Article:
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‘Masters of Sex’ spotlights Wash. U. researchers who made science sexy

| TV Editor

http://www.youtube.com/watch?v=JqwahKjI2bg

Washington University often garners media attention for its cutting-edge scientific research. I guess you could say that Showtime’s newest drama series, “Masters of Sex,” is part of that trend.

“Masters of Sex” tells the true story of William Masters and Virginia Johnson, researchers (and eventually spouses) who conducted groundbreaking research on human sexuality at Wash. U. in the ’50s and ’60s. The pilot, which is available on Showtime’s YouTube channel, explores the origins of this famous partnership and the beginnings of its research.

The show’s Wash. U. connection is established right off the bat, when Masters (Michael Sheen) receives an award from the University for his work in the medical school’s Department of Obstetrics and Gynecology. Masters is a complex character: he’s a taciturn doctor who is very serious about both his work and his family, which makes the image of him hiding in a brothel closet in order to time people’s orgasms all the more bizarre. See, most of Masters’ research hasn’t exactly been approved by the medical school’s more conservative administration. Masters’ normal line of work is an OB-GYN’s usual procession of baby deliveries and infertility treatments—which also comes with a bit of irony, given Masters’ difficulties conceiving a child with his stereotypically polished housewife, Libby (Caitlin FitzGerald, “It’s Complicated”). Things get shaken up when Masters tries to formalize his research on human sexual response.

Enter Virginia Johnson (Lizzy Caplan), a bold nightclub-singer-turned-medical-secretary who finagles her way into the position of Masters’ research assistant. Johnson is an ambitious and independent single mother who, in the words of Masters, is “not at all squeamish.” The two quickly form a powerful partnership, winning the approval of the University’s provost and immediately diving into their racy research.

The show’s main strength lies in its cast. As usual, Sheen puts on a fantastic performance, bringing intrigue to an otherwise austere character. Meanwhile, Caplan’s natural charisma and spunk make her a great fit for the role of Johnson. Even secondary characters like fellow OB-GYN Ethan Haas (Nicholas D’Agosto, “Final Destination 5”) and FitzGerald’s Libby bring more depth to the story by juxtaposing Masters and Johnson’s bold ideas with the conservative norms of the time period.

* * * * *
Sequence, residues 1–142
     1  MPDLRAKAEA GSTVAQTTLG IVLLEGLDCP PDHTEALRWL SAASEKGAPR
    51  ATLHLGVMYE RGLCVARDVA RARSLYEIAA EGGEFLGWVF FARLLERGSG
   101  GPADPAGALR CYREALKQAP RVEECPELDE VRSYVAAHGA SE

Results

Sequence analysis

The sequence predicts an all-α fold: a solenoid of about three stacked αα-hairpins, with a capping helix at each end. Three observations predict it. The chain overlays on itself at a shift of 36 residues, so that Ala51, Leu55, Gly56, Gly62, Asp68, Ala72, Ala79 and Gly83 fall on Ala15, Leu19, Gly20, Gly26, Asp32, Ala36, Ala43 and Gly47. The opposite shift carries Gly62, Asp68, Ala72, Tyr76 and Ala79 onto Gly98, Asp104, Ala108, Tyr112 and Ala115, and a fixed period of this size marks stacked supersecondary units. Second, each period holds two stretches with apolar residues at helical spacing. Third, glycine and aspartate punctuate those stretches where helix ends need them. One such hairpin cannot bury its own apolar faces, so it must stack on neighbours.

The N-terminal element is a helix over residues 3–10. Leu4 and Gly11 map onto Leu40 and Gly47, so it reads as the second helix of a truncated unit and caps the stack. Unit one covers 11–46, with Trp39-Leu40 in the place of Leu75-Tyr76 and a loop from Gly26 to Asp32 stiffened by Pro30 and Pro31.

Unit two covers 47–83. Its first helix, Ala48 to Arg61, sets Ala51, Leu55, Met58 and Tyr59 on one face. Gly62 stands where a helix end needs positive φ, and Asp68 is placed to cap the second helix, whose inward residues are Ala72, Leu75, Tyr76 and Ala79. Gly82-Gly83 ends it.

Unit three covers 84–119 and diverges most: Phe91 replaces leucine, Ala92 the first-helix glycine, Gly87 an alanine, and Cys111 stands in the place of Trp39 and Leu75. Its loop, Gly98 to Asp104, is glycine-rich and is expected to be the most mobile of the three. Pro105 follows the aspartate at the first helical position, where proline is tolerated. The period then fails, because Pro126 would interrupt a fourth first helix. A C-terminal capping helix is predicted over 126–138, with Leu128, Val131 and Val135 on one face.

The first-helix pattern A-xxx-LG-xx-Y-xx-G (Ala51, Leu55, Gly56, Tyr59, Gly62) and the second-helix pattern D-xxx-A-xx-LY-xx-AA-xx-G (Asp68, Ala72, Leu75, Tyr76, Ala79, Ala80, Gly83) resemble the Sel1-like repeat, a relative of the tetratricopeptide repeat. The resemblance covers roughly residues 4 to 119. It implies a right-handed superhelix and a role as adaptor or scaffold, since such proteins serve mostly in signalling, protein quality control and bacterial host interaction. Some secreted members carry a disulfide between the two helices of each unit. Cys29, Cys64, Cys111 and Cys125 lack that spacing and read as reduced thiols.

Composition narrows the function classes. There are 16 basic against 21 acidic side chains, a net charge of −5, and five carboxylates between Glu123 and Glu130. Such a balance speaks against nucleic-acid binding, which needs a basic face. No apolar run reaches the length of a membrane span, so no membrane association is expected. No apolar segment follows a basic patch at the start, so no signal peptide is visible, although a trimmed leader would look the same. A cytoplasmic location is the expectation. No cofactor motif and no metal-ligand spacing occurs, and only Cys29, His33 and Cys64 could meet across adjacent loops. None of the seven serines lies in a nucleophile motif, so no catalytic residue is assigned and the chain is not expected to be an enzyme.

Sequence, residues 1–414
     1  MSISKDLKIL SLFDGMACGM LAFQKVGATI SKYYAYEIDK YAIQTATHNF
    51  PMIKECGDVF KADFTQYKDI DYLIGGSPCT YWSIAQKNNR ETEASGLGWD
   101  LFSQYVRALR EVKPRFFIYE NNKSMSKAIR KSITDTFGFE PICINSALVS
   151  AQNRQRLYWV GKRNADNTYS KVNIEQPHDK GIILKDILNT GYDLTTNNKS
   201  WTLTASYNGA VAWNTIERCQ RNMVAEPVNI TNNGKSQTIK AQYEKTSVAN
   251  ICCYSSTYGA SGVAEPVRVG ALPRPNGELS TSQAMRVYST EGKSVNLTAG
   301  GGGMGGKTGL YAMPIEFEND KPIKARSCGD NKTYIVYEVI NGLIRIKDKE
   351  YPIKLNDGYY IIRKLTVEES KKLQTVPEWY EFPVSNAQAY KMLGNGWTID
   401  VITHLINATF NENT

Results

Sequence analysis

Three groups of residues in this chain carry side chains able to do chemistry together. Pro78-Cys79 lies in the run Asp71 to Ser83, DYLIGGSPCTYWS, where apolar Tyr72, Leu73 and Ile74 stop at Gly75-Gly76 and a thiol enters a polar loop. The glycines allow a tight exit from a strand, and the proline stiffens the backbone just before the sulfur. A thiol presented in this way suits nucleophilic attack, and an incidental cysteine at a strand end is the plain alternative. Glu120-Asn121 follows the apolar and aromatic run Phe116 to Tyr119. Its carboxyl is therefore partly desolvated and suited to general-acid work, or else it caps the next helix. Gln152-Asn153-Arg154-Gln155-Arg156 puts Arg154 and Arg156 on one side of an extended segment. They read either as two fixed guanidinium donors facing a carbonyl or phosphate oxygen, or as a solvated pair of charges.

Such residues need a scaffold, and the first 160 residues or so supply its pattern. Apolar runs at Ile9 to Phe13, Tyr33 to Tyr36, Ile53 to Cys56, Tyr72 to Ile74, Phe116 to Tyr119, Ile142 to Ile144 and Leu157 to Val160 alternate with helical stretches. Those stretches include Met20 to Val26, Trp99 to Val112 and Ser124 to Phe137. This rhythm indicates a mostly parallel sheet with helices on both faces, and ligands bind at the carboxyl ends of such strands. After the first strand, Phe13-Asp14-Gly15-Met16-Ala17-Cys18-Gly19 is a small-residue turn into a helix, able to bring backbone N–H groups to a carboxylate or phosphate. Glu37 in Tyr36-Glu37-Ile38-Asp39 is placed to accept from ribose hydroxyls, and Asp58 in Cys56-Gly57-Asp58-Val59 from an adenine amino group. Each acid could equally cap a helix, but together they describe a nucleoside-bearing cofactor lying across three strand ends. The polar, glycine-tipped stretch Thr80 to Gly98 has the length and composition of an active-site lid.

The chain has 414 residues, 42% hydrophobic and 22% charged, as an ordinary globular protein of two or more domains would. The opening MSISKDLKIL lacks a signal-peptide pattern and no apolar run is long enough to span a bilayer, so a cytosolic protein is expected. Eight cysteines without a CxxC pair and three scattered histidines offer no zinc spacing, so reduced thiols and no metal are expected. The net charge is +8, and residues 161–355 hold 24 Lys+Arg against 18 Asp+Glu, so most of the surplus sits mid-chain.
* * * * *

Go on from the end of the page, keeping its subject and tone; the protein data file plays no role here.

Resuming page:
The ’50s setting is definitely a key part of the show. Just like “Mad Men” prides itself on transporting viewers back to 1960s New York City, “Masters of Sex” really seems to capture the culture of 1956 St. Louis through its sets, costumes and conservative-minded characters. Masters and Johnson often seem to be alone on an island of progressivism, surrounded by colleagues who find their research (and in some cases, their lifestyle) much too risque. The show becomes more interesting when we get glimpses of a more sexually liberated subculture, mainly through the volunteers that Masters and Johnson recruit for their steamy experiments.

Not surprisingly, when it comes to sex scenes, “Masters of Sex” doesn’t hold back. (You can get away with anything on Showtime.) This is not a show I would recommend watching with your parents—there’s a lot of sex, nudity and generally lewd subject matter. But, hey, it’s all (OK…mostly) in the name of science.

At its core, though, “Masters of Sex” is a compelling, character-driven period drama that also happens to have a very relevant setting. Although Wash. U. is really just a backdrop for all the drama, it should be interesting to see how the depiction of the school evolves over the course of the series. You may not be able to get Showtime through your Wash. U. cable subscription, but you should still check out “Masters of Sex” online to learn more about two of the University’s most famous researchers and indulge in one of the season’s most promising new shows.